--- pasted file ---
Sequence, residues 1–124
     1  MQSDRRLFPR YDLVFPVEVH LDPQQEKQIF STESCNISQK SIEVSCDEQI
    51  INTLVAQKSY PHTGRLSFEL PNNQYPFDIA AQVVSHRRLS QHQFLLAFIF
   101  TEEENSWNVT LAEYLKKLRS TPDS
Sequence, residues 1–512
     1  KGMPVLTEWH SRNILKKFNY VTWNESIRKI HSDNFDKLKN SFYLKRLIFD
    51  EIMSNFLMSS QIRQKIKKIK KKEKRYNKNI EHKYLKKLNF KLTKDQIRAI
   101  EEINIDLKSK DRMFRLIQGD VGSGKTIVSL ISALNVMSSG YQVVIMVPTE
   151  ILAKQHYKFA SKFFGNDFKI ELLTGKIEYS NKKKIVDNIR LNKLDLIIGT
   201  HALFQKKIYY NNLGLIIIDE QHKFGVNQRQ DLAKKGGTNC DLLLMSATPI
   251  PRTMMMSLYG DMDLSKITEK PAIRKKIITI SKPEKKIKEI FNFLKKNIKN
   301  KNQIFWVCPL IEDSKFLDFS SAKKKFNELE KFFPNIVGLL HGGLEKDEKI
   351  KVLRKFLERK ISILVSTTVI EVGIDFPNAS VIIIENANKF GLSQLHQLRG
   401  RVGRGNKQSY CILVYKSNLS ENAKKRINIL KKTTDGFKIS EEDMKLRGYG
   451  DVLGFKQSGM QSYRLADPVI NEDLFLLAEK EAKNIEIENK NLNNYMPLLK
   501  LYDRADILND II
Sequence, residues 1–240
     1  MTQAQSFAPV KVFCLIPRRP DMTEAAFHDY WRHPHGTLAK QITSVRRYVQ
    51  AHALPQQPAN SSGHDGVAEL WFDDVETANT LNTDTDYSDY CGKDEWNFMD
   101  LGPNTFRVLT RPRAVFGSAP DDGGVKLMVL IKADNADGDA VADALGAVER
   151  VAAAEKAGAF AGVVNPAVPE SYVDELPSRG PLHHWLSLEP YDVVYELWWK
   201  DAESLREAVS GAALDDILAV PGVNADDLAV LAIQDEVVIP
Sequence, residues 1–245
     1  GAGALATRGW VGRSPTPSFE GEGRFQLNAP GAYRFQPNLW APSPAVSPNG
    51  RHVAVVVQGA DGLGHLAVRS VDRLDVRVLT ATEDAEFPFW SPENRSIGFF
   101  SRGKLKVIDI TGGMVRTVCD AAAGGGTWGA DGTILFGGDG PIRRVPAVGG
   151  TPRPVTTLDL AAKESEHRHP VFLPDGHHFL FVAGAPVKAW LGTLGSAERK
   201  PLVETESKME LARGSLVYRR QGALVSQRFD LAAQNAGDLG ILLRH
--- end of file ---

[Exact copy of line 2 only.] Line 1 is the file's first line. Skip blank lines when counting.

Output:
     1  MQSDRRLFPR YDLVFPVEVH LDPQQEKQIF STESCNISQK SIEVSCDEQI